After the fight last Thursday night, the spouse has been extra attentive. Of course. It’s the same ol’ song-and-dance as far as I’m concerned. Get back to me later this fall. By Thanksgiving, I’ll be back to doing my own shopping for my own holiday gifts from him.

To paraphrase a jaded Magneto in X-Men: First Class… “go on Meathead, tell me I’m wrong.” In other words, PROVE IT.

Honestly, I feel like a horribly spoiled brat right now. I almost *want* him to fail so I can move on and be done with this. But, I also feel like I’m not being fair to him. He’s not a monster. He’s not abusive. He hasn’t cheated on me, that I know of. (And, sadly, I’m not even sure I’d care…) He’s not controlling… although, frankly, it would be nice if someone else took charge of even just a few things, for a change.

What if I could find a partner whose judgment I trusted? Not a mind reader, but someone who listened when I talked about financial worries or logistical crap with my kid. Hell, I barely trust my husband to get our kid to the doctor on time.

Ugh… I still have so much resentment!!! So much hurt festering inside. We’ve tried couples therapy. He didn’t think it would help – and frankly, neither did I. It wasn’t the therapy I doubted, but him. And it did help, for a few months. But I’m right back to feeling like little more than a nuisance to him. I mean, when face-to-face, we get along just fine. He can be fun to be around when he’s not wallowing in self-pity about his dead-end job (and I’m not pulling my hair out over his lack of ambition to change anything about it). He’s a good friend. We share a lot of the same political views and morals (in spite of him being Atheist and me some weird mix of Christian and Wiccan). Meathead is a decent housemate. He’s good at fixing stuff around the house, small repairs to my car, etc. He kills all the bugs I’m too freaked out to go near (which is all of them). And he likes my cats – which is a definite plus.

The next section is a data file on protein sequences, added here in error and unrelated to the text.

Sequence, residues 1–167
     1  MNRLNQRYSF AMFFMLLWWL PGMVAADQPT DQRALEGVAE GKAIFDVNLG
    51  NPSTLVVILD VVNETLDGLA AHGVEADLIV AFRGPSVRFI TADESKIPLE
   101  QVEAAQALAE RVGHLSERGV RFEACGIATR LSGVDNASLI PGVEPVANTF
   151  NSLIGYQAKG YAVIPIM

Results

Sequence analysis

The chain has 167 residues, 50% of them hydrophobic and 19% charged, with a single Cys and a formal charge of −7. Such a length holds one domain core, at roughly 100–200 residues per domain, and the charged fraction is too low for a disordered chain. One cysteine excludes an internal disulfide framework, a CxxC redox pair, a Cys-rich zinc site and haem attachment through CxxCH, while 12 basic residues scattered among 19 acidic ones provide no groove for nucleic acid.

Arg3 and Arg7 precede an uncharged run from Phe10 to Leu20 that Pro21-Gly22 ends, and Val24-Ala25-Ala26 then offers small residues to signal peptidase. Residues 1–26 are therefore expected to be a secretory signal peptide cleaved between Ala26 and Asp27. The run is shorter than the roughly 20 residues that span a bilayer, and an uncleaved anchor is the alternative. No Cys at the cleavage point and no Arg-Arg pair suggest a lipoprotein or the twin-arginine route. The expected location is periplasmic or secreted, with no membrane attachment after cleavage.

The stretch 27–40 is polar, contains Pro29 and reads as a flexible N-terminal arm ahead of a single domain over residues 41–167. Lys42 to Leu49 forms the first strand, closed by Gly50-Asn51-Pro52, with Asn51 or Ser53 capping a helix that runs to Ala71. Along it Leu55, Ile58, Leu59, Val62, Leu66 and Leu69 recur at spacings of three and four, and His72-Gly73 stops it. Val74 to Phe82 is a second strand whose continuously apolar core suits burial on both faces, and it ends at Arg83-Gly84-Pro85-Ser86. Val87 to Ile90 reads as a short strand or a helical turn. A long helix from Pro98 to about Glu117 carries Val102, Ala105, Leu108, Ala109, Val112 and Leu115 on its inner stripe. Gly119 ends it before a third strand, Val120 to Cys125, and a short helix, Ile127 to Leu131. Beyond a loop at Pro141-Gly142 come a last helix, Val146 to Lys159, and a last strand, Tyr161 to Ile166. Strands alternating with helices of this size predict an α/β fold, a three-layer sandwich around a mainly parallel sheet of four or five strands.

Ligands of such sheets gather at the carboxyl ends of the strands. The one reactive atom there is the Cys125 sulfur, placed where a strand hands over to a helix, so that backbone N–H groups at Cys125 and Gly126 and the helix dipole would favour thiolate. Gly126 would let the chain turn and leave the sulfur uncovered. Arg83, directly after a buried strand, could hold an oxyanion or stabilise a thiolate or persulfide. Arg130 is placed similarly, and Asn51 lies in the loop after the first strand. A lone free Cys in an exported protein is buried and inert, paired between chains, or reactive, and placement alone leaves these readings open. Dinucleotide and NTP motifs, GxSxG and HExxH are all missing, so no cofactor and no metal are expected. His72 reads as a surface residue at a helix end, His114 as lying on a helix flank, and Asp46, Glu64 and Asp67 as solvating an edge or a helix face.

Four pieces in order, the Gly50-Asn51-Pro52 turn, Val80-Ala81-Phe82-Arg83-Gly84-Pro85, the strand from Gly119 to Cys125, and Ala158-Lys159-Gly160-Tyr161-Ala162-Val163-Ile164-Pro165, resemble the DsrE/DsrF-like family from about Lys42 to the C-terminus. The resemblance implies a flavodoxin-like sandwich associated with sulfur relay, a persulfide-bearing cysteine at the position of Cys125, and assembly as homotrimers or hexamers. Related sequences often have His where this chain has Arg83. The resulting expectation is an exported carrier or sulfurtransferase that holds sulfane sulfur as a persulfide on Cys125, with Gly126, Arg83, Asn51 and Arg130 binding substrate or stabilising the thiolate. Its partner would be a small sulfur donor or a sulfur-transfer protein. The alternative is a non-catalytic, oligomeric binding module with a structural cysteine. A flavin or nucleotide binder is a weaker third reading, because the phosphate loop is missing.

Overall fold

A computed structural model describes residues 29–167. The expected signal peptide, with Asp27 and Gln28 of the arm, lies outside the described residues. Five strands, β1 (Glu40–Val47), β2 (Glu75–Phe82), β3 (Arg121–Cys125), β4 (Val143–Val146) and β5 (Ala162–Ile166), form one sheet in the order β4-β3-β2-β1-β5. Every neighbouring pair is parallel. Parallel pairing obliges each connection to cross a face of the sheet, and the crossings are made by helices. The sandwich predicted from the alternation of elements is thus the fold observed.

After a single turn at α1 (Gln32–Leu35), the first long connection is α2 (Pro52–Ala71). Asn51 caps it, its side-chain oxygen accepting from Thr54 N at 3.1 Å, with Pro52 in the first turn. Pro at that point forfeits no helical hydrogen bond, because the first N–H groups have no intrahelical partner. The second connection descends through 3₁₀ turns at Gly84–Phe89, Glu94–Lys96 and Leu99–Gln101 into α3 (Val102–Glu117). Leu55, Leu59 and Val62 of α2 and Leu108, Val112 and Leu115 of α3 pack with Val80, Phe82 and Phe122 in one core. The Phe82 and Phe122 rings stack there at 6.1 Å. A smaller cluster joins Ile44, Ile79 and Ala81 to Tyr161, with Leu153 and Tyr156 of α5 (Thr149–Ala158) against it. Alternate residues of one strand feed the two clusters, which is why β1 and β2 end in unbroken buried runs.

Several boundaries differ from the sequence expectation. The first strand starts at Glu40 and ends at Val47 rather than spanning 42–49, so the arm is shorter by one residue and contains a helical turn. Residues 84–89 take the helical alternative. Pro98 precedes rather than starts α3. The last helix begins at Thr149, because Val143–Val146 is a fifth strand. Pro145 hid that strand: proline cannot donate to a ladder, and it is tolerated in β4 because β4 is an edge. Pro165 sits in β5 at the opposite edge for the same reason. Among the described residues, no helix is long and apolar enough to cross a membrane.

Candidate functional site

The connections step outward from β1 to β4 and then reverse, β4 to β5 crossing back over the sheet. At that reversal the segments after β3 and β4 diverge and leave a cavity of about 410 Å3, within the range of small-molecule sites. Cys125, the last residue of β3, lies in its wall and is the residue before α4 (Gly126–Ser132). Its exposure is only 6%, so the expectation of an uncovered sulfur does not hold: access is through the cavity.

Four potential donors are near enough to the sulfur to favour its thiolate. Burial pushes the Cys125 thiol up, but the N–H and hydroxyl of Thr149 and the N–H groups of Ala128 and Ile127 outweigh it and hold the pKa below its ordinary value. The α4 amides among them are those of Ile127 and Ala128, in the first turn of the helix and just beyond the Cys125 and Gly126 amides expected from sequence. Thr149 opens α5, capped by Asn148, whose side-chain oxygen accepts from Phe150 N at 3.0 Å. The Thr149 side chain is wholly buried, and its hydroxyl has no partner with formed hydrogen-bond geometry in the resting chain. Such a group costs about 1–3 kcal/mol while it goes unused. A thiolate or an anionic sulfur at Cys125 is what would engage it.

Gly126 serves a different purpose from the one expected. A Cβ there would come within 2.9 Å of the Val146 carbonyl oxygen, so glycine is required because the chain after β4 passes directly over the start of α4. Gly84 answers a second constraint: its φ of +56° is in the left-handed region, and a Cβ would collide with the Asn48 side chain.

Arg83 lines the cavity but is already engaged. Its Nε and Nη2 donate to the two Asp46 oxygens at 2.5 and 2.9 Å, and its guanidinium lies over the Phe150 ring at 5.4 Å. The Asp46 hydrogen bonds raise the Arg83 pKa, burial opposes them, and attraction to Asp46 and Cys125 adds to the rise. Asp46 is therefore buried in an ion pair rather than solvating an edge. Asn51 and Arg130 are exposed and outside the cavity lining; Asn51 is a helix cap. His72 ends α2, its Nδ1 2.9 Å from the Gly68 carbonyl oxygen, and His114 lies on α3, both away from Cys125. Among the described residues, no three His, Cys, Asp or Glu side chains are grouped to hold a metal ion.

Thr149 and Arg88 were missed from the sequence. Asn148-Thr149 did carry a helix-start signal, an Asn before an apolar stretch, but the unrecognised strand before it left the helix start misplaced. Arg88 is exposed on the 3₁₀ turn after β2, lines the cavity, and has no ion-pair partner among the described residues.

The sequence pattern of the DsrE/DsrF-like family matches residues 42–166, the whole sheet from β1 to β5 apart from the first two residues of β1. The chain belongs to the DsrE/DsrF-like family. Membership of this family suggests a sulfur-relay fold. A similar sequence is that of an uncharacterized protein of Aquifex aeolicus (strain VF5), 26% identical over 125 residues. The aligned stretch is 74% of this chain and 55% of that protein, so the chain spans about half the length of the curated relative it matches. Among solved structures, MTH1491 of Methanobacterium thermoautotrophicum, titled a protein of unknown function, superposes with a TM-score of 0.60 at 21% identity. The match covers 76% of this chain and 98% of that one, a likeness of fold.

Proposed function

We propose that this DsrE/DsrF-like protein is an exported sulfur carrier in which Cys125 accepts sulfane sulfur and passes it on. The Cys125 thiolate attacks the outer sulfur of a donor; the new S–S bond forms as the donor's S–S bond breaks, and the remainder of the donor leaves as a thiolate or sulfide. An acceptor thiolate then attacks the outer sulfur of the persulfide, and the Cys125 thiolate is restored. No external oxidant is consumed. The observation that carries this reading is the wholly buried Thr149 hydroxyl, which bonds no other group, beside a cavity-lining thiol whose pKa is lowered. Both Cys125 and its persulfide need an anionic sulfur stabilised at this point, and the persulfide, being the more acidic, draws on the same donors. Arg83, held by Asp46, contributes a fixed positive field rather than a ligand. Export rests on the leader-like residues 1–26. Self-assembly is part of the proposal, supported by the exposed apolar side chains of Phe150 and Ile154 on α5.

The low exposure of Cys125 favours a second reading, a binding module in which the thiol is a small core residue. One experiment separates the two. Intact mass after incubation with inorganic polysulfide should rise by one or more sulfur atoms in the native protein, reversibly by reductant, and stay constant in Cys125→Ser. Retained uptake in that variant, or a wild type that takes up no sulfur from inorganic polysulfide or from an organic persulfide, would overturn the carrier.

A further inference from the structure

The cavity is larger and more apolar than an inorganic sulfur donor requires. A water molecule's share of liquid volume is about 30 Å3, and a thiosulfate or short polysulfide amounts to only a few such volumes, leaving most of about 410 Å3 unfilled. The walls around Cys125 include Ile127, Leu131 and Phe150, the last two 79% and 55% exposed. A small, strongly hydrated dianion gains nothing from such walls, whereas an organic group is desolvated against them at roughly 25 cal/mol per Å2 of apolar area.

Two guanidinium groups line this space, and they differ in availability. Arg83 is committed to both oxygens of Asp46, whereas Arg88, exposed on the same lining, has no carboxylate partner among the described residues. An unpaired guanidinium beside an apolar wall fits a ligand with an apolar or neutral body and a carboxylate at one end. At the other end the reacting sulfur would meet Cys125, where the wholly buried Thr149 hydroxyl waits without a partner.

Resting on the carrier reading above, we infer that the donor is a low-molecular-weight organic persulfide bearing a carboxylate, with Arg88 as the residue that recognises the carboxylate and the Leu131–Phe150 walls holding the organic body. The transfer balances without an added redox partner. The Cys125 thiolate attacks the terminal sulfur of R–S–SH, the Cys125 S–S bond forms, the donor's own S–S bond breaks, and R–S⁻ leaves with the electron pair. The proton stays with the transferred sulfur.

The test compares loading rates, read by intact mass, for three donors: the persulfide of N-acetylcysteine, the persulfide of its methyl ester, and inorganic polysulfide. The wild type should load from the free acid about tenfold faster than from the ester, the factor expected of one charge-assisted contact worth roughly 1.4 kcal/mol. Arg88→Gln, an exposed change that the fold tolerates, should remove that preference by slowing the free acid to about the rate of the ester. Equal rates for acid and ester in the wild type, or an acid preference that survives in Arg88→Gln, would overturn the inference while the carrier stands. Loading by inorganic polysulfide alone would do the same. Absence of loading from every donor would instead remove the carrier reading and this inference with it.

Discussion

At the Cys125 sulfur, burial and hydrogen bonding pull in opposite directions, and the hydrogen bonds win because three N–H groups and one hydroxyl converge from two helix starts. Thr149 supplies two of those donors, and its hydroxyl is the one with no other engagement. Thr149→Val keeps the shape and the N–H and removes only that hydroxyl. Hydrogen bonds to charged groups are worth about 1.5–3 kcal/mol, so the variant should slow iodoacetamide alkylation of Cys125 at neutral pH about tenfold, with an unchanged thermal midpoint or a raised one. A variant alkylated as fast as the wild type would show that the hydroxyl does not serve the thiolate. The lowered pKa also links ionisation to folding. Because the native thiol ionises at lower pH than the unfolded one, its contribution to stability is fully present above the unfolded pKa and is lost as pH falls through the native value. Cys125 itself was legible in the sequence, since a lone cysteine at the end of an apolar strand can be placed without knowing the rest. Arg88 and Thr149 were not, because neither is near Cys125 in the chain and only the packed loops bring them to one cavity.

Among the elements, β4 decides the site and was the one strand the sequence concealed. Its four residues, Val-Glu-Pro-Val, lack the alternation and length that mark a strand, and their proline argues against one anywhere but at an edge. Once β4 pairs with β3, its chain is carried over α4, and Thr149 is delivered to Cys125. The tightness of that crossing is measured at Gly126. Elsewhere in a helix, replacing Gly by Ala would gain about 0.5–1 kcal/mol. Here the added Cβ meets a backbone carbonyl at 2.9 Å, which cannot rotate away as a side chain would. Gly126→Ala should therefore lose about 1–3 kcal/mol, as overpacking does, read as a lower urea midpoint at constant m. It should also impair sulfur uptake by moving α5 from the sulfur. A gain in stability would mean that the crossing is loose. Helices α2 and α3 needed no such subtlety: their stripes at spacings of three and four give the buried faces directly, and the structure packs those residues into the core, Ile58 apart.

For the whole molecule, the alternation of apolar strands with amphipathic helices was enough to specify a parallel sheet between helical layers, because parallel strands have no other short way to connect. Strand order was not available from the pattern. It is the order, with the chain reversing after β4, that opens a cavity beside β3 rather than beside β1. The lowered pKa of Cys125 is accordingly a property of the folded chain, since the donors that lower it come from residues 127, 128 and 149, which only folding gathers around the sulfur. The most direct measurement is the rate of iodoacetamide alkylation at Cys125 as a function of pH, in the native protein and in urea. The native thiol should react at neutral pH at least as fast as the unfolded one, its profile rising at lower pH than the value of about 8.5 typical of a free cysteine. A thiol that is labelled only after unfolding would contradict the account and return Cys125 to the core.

But I feel like I have to hold myself back to be his equal, on spiritual and emotional levels.

 

 

I know all couples go through peaks and valleys. I know attractions fade. People age, people grow – and not always at the same rates or in the same direction. But romance doesn’t have to fade away. You can choose to keep fanning those flames, just as easily as you can choose to let the fire die. Romance isn’t something you have to earn from a job. It’s genetics or luck. And it doesn’t have to cost a dime. It’s the little things you do to remind your partner that his or her presence in your life is not only welcome, but desired and appreciated. And not because you’ve asked (begged) for those little things to be done. This is how I want to be loved. This is how I *could* love, if I felt that my heart was safe.

Truth be told, though, I don’t know if I believe love like that actually exists. Not for real people, at least. And certainly not for neurotic and clumsy fat girls with jacked-up teeth and depression. No, I remain convinced that girls like me are lucky to get what we get. Settle for what’s there, or go without. That was the deal when I was younger, so it seems only fitting to be the deal I have to accept in my adulthood.

 

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